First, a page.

This is a greatly reduced copy of the 4 foot by 3 foot original that was professionally scanned into digital format thanks to a generous gift from the local developer Joe Panepinto. I added the sidebar to orient younger viewers and help them understand what they are seeing.
The original was created on newspaper stock by the “Ben Day Process” (black and white images in which the density of dots creates patterns that the eye sees as gray-scale images) and then hand-tinted with water colors the way old post cards and pre-kodachrome photos were created.
Internal evidence of the photo (the shiny Loews with construction materials still on the roof and the existence of the houses on the corner of Newark Ave, just behind the jail that is now the site of the ugly “new” court house , etc.) pretty much fixes the date to late 29 or early 30 but if anyone sees more specific clues in the form of changes, your input is welcome. CLICK image to ENLARGE
The original image is surprising sharp and detailed with no hint of the vibration that would have blurred it using the slow films, slow lenses and slow shutters of the day had this been shot from an airplane. There is a consensus among photographers who have examined the original that it was most probably shot using a large-image camera that was suspended from a balloon or kite. That was a not-uncommon method of getting aerial views that goes back to the Civil War. (click here)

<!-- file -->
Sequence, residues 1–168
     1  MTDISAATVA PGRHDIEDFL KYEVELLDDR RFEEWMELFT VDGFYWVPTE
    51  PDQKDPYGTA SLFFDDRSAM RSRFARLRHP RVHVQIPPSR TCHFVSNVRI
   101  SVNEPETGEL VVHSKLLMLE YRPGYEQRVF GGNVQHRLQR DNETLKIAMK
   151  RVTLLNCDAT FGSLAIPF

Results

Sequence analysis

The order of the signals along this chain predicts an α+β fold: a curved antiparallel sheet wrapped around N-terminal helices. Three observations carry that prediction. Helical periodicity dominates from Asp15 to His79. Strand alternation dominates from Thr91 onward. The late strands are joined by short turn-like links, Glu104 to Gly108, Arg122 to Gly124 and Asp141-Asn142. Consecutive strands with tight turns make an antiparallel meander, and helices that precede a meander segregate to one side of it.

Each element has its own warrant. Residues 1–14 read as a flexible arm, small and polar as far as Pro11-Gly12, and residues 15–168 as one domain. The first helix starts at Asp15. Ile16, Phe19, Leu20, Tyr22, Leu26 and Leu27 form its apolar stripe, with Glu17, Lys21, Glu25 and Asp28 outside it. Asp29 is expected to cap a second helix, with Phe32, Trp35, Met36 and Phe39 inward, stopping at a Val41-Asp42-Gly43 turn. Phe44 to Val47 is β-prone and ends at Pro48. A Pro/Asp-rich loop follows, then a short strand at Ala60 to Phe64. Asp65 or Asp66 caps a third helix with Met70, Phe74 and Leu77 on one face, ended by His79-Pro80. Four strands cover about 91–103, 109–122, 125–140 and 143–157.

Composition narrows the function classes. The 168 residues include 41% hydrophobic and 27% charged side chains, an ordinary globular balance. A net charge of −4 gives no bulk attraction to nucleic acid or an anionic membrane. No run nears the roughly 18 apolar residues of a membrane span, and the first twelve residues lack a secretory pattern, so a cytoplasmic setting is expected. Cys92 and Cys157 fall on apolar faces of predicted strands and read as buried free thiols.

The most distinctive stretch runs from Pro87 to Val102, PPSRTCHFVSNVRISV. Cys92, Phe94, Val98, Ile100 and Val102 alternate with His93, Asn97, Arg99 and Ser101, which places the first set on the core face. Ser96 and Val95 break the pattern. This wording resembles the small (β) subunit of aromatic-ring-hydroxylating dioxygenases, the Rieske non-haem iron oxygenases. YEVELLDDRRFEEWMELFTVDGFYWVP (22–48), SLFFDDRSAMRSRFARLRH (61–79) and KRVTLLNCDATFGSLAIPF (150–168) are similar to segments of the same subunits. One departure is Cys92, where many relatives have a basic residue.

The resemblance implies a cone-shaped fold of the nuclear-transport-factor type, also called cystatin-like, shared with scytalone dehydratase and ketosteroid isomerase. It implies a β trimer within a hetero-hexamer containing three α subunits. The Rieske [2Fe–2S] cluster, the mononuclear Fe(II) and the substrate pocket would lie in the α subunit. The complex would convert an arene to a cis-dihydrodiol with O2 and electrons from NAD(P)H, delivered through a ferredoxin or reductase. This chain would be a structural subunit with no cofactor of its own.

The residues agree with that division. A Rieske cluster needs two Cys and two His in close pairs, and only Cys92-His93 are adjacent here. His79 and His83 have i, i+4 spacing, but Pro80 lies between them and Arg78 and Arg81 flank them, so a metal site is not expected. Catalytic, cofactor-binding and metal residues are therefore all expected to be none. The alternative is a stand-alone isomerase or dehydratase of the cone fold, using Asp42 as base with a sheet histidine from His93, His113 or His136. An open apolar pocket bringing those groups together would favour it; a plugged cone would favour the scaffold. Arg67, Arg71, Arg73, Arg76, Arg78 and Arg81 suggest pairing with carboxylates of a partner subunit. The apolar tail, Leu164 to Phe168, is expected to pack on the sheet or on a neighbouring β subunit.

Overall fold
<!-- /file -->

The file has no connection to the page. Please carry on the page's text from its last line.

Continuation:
Until the arrival of fast cameras, the balloon and kite methods were widely used in rural areas by real estate developers and local tax authorities to supplement maps. In this case, the camera was probably about 250/300 feet above a spot somewhere just north of Montgomery St and just west of Bergen Ave.
The nearly absolute centering of the Trust Company of New Jersey building raises the possibility that they might have been the sponsors of the photo.
The full-sized original image is sometimes exhibited at various public functions and such a showing can be arranged by using the Contact form on this web site.
The original needs repairs of the occasional insults it suffered in the form of scratches during the years it hung over the cigarette machine of a now-defunct bar on Sip Avenue. Now that its in digital form and full-sized, those repairs could be done in Photoshop and might cost between one and two thousand dollars. An “angel” would be welcome, along with a safe place for permanent display of the resulting restoration.